Go to the racing calendar and you will see no races are scheduled in Victoria from Monday July 26 until Friday July 30 inclusive.
This is a sequel to Racing Victoria’s decision to trial a race-free week … and it will very much be a trial with potential outcomes, both positive and negative, sure to impact on whether this idea has a future or not.
The obvious has already been pointed out … namely, with horses not racing during this time, owners could become restless about not being able to earn prize-money and that there would be a backlog of horses waiting to run when racing is resumed. Also, that the ‘break’ would do little to ease the workload of stable employees with horses still having to be exercised and fed.
Champion trainer Peter Moody certainly does not support the concept.
“I don’t see the sense or the necessity in it,” Moody told Racing.com.
“Who is getting the break? Do the jockeys need a break? They say that a lot of jockeys don’t earn enough to make a living, so just let the ones that don’t want or need to ride have the week off.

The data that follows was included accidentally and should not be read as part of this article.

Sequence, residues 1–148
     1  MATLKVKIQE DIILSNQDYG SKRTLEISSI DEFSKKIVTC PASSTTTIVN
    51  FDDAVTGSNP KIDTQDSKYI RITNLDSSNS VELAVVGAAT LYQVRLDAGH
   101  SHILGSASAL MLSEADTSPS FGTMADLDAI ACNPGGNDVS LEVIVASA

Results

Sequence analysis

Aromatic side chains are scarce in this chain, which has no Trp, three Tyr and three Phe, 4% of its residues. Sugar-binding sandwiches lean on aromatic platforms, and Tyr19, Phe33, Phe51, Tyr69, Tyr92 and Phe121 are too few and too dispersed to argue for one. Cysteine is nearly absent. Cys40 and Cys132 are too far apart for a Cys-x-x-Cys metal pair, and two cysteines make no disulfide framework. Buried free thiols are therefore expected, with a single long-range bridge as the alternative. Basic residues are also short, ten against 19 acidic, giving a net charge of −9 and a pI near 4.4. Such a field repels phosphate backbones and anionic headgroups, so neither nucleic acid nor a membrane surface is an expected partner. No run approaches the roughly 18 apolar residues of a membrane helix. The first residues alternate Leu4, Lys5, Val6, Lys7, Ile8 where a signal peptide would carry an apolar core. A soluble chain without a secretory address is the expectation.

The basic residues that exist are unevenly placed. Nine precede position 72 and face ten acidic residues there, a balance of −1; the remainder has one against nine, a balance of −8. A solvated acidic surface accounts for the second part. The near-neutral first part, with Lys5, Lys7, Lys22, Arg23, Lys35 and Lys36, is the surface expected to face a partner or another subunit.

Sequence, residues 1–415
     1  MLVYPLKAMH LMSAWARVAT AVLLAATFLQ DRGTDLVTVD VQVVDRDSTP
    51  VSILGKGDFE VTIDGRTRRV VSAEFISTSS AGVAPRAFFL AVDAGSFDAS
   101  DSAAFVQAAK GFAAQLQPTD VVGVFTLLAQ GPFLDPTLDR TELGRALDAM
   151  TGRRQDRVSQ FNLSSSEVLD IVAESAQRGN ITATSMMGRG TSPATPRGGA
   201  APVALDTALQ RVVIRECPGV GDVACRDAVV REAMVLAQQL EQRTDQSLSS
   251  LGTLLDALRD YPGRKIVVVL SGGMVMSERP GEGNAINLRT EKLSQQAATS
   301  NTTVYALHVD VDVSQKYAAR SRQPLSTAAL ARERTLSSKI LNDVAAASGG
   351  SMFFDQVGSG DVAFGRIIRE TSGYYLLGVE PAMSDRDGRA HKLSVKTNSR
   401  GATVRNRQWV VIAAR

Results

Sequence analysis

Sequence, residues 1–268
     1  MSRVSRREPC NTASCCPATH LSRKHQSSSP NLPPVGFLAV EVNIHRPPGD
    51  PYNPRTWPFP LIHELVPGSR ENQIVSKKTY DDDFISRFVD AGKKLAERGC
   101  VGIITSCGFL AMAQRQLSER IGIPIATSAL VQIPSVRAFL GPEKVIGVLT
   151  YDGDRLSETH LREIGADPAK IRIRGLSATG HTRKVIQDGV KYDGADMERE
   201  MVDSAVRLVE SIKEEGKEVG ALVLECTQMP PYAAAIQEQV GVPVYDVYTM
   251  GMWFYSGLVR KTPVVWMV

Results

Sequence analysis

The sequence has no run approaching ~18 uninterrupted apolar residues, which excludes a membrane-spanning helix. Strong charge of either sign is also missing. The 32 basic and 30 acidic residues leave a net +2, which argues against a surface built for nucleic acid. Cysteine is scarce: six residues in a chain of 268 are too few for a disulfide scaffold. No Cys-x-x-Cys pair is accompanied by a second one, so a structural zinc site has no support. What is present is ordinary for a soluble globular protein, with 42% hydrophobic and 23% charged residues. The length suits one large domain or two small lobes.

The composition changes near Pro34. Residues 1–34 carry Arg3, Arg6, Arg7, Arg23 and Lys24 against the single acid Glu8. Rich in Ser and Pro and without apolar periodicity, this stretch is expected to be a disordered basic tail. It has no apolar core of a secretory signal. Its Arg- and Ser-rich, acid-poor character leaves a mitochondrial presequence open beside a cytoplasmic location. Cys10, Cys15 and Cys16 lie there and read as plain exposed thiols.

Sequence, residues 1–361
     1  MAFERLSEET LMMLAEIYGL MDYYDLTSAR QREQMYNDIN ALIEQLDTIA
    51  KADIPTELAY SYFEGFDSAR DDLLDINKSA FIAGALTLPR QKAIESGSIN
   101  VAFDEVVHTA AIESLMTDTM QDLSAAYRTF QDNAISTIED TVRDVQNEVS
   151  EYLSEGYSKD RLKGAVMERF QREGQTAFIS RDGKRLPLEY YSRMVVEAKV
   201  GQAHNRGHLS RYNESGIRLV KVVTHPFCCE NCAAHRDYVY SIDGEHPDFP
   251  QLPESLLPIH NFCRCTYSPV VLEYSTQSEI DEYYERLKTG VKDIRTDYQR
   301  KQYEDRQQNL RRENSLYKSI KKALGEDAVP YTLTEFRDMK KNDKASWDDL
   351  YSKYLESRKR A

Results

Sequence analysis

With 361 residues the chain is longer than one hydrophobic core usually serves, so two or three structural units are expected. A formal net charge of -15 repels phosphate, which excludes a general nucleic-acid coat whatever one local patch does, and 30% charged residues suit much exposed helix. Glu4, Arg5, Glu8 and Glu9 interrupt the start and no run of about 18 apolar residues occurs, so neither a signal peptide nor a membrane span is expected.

“The only time the whole industry could have a break is if we have three months off and that’s never going to happen.”
A number of Victorian trainers have voiced their backing of Moody’s opinion. Moody’s bottom line question is a simple one … which group of stakeholders are the intended beneficiaries of the trial?
On the other side of the coin, in theory, stable workloads would not have to be conducted with race-day intensity during this time … and Racing Victoria has already reacted to any possible post-trial horse nominations and acceptances logjam by stating that it will assess the number of nominations and acceptances for meetings immediately following the trial.
Further, Racing Victoria has indicated that, where that assessment justifies it, races will be split and the racing program amended to not only try to cater for all horses looking for a run, but also to allow an additional prize-money distribution.
The proof, as they say, will be in the pudding.